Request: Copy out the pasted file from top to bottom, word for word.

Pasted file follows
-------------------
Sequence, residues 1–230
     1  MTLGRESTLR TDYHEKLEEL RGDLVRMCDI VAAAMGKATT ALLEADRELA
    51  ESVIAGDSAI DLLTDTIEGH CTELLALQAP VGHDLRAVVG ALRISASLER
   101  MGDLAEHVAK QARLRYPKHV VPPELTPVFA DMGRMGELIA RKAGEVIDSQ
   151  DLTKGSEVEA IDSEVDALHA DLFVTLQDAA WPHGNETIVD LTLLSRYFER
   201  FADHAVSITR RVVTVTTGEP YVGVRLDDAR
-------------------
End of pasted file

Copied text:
Sequence, residues 1–230
     1  MTLGRESTLR TDYHEKLEEL RGDLVRMCDI VAAAMGKATT ALLEADRELA
    51  ESVIAGDSAI DLLTDTIEGH CTELLALQAP VGHDLRAVVG ALRISASLER
   101  MGDLAEHVAK QARLRYPKHV VPPELTPVFA DMGRMGELIA RKAGEVIDSQ
   151  DLTKGSEVEA IDSEVDALHA DLFVTLQDAA WPHGNETIVD LTLLSRYFER
   201  FADHAVSITR RVVTVTTGEP YVGVRLDDAR